9. kjacobson@mindspring.com Post author

    Apparently you are a completely unabashed fan, and that is certainly fine. Not everyone can be so thoroughly willing to accept all the decisions that are made. My mindset is to try to understand what their objectives are and then determine for myself whether they reached them successfully. I enjoy critical thinking and analyzing.

    We all consider the show exceptional and have found it a welcome change from what has become too routine. I won’t watch any more crime shows or too much more violence. We are surrounded by that every day and need a break, even if we have to turn to fantasy. Everyone is entitled to his/her own approach. Enjoy Season 7!

  10. Santa Traugott

    I am not as convinced as you are, Karen, that if they continue into S8, with Martin and Louisa unquestionably together, that they can find an overarching plot driver that is nearly as compelling. I am inclined to think that they should quit while they’re ahead, as a series of episodes that are not connected by some compelling story arc, will, I think, be disappointing, no matter what people say now that they want. Perhaps not to hard-core fans, like us, but to the more casual viewers, who must be in the vast majority.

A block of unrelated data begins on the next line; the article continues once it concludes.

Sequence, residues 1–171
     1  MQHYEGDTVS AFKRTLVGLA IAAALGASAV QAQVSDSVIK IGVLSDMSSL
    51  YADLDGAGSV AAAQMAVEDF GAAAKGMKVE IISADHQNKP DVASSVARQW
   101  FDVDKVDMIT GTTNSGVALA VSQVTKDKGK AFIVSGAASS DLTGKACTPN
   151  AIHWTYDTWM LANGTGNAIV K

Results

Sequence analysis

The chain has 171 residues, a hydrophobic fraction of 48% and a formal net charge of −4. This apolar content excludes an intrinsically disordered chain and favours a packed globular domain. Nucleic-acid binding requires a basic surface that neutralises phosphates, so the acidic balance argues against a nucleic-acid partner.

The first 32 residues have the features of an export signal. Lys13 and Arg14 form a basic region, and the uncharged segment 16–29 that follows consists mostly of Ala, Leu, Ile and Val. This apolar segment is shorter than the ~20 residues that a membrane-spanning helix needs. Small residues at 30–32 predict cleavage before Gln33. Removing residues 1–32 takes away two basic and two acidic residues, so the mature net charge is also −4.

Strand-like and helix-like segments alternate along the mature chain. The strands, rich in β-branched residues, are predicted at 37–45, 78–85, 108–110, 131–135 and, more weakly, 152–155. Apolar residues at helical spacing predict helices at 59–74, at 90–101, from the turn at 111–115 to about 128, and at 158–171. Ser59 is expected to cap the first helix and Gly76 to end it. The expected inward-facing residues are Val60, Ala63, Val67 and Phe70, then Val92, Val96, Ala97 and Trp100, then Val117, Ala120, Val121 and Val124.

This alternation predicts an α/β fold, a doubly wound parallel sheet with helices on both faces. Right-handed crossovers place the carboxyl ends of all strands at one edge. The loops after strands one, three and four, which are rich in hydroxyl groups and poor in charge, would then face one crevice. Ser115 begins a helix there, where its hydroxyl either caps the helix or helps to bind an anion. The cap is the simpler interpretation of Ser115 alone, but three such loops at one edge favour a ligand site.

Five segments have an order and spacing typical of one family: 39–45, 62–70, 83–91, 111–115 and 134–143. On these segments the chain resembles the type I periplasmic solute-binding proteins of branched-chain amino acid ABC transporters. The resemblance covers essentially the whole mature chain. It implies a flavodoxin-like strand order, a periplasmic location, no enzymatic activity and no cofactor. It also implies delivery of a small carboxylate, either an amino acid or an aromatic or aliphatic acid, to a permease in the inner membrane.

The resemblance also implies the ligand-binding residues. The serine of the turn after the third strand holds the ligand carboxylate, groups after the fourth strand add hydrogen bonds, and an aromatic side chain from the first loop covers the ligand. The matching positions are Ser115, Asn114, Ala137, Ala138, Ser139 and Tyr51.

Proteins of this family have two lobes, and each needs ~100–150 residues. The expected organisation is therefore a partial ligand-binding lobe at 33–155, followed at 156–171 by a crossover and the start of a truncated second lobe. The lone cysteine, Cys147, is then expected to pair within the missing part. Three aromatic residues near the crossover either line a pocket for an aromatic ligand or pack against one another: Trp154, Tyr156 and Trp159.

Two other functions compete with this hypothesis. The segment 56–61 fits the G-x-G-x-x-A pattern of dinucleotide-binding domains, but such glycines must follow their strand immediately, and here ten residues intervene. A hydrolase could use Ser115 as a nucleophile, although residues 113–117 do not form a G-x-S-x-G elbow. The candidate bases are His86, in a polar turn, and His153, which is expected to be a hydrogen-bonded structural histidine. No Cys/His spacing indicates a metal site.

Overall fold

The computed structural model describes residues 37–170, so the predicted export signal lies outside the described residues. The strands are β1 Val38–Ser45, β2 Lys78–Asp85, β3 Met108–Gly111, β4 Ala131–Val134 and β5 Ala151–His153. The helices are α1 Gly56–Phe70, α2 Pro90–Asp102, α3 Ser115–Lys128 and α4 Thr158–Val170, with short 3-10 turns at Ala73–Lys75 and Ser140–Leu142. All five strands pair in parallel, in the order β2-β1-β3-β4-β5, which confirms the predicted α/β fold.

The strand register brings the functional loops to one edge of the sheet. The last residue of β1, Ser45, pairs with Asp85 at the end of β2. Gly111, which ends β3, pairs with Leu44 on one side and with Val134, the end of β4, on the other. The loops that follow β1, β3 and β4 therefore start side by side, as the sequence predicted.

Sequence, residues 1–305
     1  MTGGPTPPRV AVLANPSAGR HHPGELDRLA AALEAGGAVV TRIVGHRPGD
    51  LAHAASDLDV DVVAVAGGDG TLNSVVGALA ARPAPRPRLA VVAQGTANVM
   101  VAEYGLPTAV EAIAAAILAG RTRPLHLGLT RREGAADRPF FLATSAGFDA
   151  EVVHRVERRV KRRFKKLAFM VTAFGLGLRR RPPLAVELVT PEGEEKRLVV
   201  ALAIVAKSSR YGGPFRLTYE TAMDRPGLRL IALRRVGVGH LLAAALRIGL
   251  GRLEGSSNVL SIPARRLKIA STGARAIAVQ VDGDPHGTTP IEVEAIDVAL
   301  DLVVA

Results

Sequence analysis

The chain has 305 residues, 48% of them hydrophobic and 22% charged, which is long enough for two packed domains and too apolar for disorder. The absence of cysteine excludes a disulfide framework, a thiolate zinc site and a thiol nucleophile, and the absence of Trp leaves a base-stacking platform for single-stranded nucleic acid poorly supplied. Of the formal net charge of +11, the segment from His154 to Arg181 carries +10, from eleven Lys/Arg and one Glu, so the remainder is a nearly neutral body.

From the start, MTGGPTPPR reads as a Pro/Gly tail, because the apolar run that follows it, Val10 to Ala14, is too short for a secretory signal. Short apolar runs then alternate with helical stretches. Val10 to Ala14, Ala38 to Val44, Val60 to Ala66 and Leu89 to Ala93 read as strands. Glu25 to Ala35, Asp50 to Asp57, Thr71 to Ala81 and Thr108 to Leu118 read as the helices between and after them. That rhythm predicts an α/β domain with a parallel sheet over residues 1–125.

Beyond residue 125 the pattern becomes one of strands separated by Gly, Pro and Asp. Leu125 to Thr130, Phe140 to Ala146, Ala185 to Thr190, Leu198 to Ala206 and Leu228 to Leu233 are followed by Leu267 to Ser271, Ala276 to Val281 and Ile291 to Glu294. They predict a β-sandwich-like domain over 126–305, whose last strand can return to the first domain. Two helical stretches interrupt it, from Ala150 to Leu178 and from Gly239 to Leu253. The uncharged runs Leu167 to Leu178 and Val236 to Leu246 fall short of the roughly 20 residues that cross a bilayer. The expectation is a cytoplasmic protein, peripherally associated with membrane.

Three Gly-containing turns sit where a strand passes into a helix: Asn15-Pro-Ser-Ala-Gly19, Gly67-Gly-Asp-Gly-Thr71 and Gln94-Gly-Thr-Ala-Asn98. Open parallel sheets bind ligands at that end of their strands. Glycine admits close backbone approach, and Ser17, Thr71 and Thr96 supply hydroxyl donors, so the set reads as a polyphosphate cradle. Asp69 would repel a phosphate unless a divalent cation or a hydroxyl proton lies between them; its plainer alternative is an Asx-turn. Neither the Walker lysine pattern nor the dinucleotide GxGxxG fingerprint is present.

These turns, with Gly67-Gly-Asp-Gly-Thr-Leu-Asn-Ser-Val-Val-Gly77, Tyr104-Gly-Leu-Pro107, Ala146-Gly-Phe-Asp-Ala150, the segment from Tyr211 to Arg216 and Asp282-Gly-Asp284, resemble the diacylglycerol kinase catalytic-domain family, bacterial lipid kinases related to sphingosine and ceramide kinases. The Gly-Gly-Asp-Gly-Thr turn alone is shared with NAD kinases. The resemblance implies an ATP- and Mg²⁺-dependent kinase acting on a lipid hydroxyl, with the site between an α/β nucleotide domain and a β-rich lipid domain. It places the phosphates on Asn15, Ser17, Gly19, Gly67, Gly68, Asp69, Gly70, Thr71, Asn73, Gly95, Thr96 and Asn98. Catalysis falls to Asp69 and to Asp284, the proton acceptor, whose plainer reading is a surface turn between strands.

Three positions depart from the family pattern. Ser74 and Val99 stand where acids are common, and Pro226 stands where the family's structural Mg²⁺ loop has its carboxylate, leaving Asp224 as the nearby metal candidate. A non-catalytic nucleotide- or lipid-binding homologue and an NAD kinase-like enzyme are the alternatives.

The shows that you cite are good examples, but none of them had a lengthy period of “will they-won’t they” tease, followed by a resolution and then on to the trials and tribulations of married life.

    I never thought that Martin and Louisa would reconcile any earlier than the last minute of the last episode, because that seems to be the m.o. of BP, apparently based on a deep-seated belief that viewers would stop watching if the relationship was resolved.